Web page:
Risk Capacity & Risk Tolerance: The Foundation of Investment Planning
By: Chelsea A. Benoit, CFP® Associate Advisor
One can think of creating an investment plan as finding the best way to assemble the pieces of a financial puzzle. After deciding on the goal(s) of your investment plan, determining the appropriate level of risk to assume to accomplish these goals is essential. This question requires considering both your risk tolerance and risk capacity or, broadly speaking, your risk profile.
Risk tolerance pertains to your comfort level given a certain degree of risk while risk capacity considers whether you can reasonably afford to undertake a given amount of risk given your goals and financial situation.
Risk tolerance is an emotional aspect of portfolio construction and is subjective by nature. In contrast, risk capacity objectively looks at your financial picture and considers your goals along with current and future financial resources to support meeting those goals. This includes how, when and from which sources it is anticipated this may occur. For example, the sooner you expect to start withdrawing from your portfolio or the more dependent you are on your portfolio to provide income, the lower your capacity for risk. Conversely, the more robust income sources you have or the longer you can defer drawing down on your portfolio, the higher your risk capacity. Both risk tolerance and risk capacity should be evaluated together to determine the most appropriate asset allocation for your portfolio. Taken together, this risk profile is intended to align your comfort level of risk with an investment portfolio designed to aid in the accomplishment of your objectives. A risk profile is planned for a long-term investment horizon and typically changes only due to a significant life event over the life of your portfolio.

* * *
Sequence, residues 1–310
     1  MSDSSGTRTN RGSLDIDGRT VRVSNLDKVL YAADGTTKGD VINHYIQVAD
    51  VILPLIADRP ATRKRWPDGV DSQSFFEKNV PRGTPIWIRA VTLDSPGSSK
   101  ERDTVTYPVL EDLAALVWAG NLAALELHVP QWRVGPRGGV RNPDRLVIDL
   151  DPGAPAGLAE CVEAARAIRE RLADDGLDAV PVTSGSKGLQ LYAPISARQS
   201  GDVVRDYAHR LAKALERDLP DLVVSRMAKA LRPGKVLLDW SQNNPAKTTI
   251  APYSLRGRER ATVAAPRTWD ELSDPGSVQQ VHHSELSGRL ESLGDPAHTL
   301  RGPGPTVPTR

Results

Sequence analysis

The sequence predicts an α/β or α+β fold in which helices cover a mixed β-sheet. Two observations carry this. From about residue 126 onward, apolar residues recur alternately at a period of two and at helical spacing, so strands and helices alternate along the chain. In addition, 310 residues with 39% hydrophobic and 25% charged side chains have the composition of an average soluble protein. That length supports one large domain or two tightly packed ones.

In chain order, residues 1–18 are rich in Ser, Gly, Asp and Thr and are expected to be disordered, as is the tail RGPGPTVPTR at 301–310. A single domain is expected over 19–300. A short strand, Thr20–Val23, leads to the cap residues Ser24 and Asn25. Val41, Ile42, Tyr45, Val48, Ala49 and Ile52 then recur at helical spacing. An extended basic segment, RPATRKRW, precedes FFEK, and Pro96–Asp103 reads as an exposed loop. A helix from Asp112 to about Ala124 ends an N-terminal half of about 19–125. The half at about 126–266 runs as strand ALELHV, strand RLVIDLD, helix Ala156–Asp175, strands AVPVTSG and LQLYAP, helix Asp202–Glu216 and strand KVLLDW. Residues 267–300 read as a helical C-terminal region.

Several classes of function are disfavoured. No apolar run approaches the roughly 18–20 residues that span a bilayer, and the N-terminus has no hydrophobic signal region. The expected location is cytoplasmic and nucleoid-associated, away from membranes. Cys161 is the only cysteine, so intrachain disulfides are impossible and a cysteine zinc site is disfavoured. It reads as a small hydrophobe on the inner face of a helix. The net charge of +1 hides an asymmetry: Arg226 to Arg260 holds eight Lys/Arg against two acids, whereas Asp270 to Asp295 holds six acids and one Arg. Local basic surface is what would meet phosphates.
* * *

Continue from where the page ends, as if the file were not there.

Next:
Another important factor to consider is the sensibility of taking on more risk than is necessary. Let us look at a hypothetical example. A risk-tolerant couple is retiring in two years with low cash needs and ample income sources outside of their investment portfolio to fund their retirement. They have no plans to leave an inheritance and would like to deplete most of their portfolio during retirement. The couple’s risk tolerance suggests that they could accept the greater volatility of a portfolio more heavily weighted in stocks. Their risk capacity is high because a significant decrease in the portfolio’s value would not have a major impact on their financial well-being since they have other sources of income and do not need to leave funds to their heirs. Although the couple’s risk tolerance and risk capacity align well in this situation, it may not be prudent to have an aggressive asset allocation for this couple. A portfolio with a more balanced allocation between fixed income and equity investments could achieve the couple’s goals without exposing them to unnecessary risk.
At Goodman Financial, evaluating our client’s risk profile and determining an optimal portfolio allocation is a collaborative effort between the advisor and client. Prior to establishing an investment portfolio, we collect data, utilize our Risk Tolerance Questionnaire and pair those responses with the information we gathered from our discussions with clients to determine an appropriate asset allocation. Then, we discuss our asset allocation recommendation with clients to ensure their comfort level and adjust, if necessary. We not only want to help clients achieve their goals, but we want to do so in a way that will provide peace of mind.